[News] Haitian Political Prisoner, Jean-Juste Released

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Tue Nov 30 08:35:48 EST 2004


Institute for Justice and Democracy in Haiti
P.O. Box 745, Joseph, OR 97846
(541) 432-0597, www.ijdh.org, info at ijdh.org

POLITICAL PRISONER REVEREND GERARD JEAN-JUSTE RELEASED

November 29, 2004


Today,  November 29, 2004, Rev. Gérard Jean-Juste, the pastor of Sainte 
Claire Catholic Church in Delmas, Haiti, was released after almost seven 
weeks of illegal detention.  The release follows a sustained campaign of 
international support for Fr. Jean-Juste by prominent religious figures, 
lawyers, grassroots groups and human rights advocates in Haiti and 
throughout the world.  The release shows that collective action for justice 
can succeed, and offers hope for Haiti's other 700 political prisoners.

Fr. Jean-Juste is a prominent activist for peace, justice and the rights of 
immigrants in Haiti and the U.S.  He was arrested without a warrant by 
masked Haitian police on Wednesday, October 13, 2004, while he was feeding 
the hungry children of his parish.  Gérard Latortue, Haiti's interim Prime 
Minister, claimed that there was a warrant, but no warrant was ever 
produced, nor was any evidence linking Fr. Jean-Juste to any 
crime.  Prosecutors alleged he was connected to two murders, but did not 
produce the victims' names or any details of their deaths.  The Prime 
Minister and the Minister of Justice alleged that Fr. Jean-Juste was 
involved in financing anti-government violence, but never produced a single 
witness or shred of evidence to support the allegations.

The international outcry over Fr. Jean-Juste's illegal detention forced 
Haiti's interim government to bring him before a judge on November 12.  The 
judge found nothing in the file, and very quickly ordered that the case be 
dismissed and Fr. Jean-Juste be released.  The interim government finally 
honored that order today.  On the way from the Omega prison to the 
Port-au-Prince Archbishop's residence, Fr. Jean-Juste thanked everyone for 
all the solidarity, support and advocacy he received during his imprisonment.

Credit for obtaining the release order should go to Fr. Jean-Juste's legal 
team, Haitian lawyer Mario Joseph of the Institute for Justice and 
Democracy in Haiti (IJDH) and William Quigley, Professor of Law at Loyola 
University in New Orleans.  Both worked long hours under difficult and 
dangerous conditions to uphold the rule of law.

But legal skill alone was not enough to free Fr. Jean-Juste, or any of the 
more than 700 political prisoners remain in Haiti's jails (according to the 
Catholic Church's Justice and Peace Commission), almost all with no more in 
their files than Fr. Jean-Juste had.  The interim government systematically 
denies political prisoners access to the courts, and ignores liberation 
orders for those who manage to appear before judges- former Delegate 
Jacques Mathelier (July 12) and grassroots activist Jean-Marie Samedi 
(November 22), both remain in jail despite valid release orders.

The difference in Fr. Jean-Juste's case was the massive international 
mobilization for justice by dozens of organizations and hundreds of 
individuals who issued statements, made phone calls, sent faxes and wrote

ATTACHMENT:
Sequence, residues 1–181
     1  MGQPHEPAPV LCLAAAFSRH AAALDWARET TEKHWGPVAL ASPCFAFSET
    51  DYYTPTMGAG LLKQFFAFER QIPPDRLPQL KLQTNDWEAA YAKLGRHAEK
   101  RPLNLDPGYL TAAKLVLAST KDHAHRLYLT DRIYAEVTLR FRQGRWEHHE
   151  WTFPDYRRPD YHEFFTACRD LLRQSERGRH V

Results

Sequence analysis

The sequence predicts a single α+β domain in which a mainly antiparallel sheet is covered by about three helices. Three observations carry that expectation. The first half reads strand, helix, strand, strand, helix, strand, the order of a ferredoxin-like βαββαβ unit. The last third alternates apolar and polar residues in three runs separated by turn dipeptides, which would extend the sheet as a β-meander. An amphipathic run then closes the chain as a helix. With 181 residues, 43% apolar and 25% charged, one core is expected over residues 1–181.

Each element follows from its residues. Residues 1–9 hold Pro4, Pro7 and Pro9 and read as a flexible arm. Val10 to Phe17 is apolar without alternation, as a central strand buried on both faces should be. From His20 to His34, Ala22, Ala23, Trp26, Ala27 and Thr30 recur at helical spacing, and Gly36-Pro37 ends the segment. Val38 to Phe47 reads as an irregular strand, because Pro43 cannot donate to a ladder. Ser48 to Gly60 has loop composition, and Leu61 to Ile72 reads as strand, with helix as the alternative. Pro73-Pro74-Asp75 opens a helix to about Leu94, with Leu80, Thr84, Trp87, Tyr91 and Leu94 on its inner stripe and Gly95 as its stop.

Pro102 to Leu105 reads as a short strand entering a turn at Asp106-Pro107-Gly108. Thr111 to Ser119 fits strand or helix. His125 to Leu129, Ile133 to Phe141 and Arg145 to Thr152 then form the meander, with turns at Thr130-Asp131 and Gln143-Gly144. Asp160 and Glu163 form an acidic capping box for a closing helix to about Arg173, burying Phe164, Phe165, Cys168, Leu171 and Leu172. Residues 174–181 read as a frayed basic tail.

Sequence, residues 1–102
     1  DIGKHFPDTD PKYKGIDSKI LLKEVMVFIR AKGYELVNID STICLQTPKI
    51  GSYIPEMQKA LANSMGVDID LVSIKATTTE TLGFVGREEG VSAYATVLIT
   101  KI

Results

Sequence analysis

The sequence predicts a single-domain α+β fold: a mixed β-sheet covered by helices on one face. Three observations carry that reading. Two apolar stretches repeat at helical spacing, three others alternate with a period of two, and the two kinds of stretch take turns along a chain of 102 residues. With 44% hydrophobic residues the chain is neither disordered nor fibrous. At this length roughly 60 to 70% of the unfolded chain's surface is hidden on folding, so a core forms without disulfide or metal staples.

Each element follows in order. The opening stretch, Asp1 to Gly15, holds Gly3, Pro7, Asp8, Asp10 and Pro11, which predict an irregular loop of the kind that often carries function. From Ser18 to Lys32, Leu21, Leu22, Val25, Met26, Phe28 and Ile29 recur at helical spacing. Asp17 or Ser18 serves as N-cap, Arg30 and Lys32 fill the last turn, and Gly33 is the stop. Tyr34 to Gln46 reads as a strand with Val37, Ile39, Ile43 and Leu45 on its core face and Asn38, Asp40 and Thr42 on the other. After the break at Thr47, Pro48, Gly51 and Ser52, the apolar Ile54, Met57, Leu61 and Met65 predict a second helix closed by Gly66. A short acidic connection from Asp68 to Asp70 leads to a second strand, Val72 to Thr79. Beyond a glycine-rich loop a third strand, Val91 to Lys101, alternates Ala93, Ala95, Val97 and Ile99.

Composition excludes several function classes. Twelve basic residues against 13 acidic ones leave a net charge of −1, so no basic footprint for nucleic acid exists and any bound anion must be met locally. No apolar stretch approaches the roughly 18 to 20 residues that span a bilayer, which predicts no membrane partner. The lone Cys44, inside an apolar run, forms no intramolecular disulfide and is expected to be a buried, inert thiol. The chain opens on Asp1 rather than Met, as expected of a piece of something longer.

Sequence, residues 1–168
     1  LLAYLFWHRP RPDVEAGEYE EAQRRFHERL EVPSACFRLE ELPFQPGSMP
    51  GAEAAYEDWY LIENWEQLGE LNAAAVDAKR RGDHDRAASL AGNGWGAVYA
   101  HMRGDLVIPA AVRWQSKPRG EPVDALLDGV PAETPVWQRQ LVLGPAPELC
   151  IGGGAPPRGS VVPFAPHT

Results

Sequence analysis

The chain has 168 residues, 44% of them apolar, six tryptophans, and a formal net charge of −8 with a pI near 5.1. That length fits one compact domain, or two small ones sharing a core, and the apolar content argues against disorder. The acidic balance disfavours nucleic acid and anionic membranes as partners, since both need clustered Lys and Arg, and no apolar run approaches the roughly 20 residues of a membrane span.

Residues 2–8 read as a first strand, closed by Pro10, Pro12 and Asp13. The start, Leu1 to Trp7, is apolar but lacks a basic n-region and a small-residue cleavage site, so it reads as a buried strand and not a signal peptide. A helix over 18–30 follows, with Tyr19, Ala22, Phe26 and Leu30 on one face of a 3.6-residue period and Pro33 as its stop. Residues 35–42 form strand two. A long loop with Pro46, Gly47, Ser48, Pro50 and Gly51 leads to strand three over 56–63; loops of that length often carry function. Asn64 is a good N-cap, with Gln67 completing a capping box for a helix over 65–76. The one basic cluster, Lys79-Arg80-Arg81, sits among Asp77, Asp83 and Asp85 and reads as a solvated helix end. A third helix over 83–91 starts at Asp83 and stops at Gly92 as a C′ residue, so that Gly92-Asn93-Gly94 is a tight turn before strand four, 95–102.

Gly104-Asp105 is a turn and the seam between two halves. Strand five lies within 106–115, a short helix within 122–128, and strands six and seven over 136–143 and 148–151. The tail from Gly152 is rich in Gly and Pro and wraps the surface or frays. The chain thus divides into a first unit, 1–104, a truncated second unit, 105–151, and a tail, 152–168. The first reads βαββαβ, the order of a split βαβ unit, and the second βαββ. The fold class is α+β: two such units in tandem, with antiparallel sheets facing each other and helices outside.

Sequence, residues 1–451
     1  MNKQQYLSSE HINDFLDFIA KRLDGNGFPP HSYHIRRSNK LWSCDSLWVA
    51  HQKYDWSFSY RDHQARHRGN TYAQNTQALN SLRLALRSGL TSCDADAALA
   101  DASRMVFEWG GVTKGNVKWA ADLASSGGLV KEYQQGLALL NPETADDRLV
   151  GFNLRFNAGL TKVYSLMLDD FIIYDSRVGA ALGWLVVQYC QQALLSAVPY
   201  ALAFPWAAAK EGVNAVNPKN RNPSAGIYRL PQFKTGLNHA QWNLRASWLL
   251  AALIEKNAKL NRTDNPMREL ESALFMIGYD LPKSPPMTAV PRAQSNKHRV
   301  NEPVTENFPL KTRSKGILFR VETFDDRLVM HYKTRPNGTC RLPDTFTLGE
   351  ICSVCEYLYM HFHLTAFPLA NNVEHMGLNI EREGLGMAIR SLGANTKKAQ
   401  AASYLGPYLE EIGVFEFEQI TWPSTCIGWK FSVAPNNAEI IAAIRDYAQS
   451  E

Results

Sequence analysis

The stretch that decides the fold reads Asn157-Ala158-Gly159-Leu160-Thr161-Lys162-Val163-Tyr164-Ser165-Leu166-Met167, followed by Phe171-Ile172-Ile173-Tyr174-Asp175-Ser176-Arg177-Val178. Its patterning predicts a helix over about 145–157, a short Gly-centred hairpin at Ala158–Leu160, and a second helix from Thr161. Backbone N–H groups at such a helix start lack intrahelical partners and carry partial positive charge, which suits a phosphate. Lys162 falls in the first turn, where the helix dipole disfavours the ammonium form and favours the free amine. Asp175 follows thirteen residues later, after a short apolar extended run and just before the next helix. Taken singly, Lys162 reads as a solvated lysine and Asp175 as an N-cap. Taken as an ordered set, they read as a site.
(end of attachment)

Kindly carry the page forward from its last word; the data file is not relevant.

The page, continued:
letters to Haitian, U.S. and UN officials.  Too many people and groups 
contributed to name them all, but they include Rep. Maxine Waters and 30 
other members of the U.S. Congress, Archbishop Joseph Serge Miot of 
Port-au-Prince, Bishop Thomas Gumbleton of Detroit, Pax Christi USA, the 
Haiti Action Committee, Human Rights First, Amnesty International, the What 
If? Foundation, the Haitian Lawyers' Leadership Network, the Catholic 
Worker, the International Committee to Free Father Jean-Juste, the Let 
Haiti Live Coalition, Fondation 30 Septembre, Veye Yo, the 
Inter-Hemispheric Resources Center and the Haiti Information Project.

Our sources confirmed that the mobilization inundated the Haitian and U.S. 
governments and the UN with faxes, emails and phone calls.  The UN 
responded on November 22,  with Secretary General Kofi Annan's call for the 
release of Haiti's political prisoners.  The Haitian government initially 
responded to the pressure by justifying the arrest in press 
conferences.  As the calls kept coming in, they were forced to defend their 
action in court, where truth prevailed.

The mobilization proved that the Haitian Creole proverb, men anpil, chay pa 
lou, (with many hands, the load is light) still applies, and that we can 
still make a difference through collective advocacy, in Haiti, in the U.S., 
and in the international arena.

We need to apply theses lessons next to the hundreds of political prisoners 
that Fr. Jean-Juste left behind, most even more vulnerable than he was, as 
they lack his prestige and international contacts.  Many have been tortured 
and deprived of healthcare and adequate food, some have completely 
disappeared.  As Fr. Jean-Juste said this evening: "I hope that my freedom 
will be the first step to freedom for the many political prisoners still in 
Haitian jails.  We need to keep the pressure on!"

IJDH, along with the other organizations that fought for Fr. Jean-Juste's 
freedom, will soon initiate similar campaigns for other political 
prisoners.  Please take a few minutes to act on their behalf, so that they 
may taste the same freedom that we enjoy.  We will send out action alerts 
in the days ahead, or you may check for information at www.ijdh.org, 
www.lethaitilive.org, www.haitiaction.net.  If you are not on the IJDH 
mailing list and would like to be, please send your contact information to 
info at ijdh.org.

Peace,


Brian Concannon Jr.
Institute for Justice and Democracy in Haiti

The Freedom Archives
522 Valencia Street
San Francisco, CA 94110
(415) 863-9977
www.freedomarchives.org 
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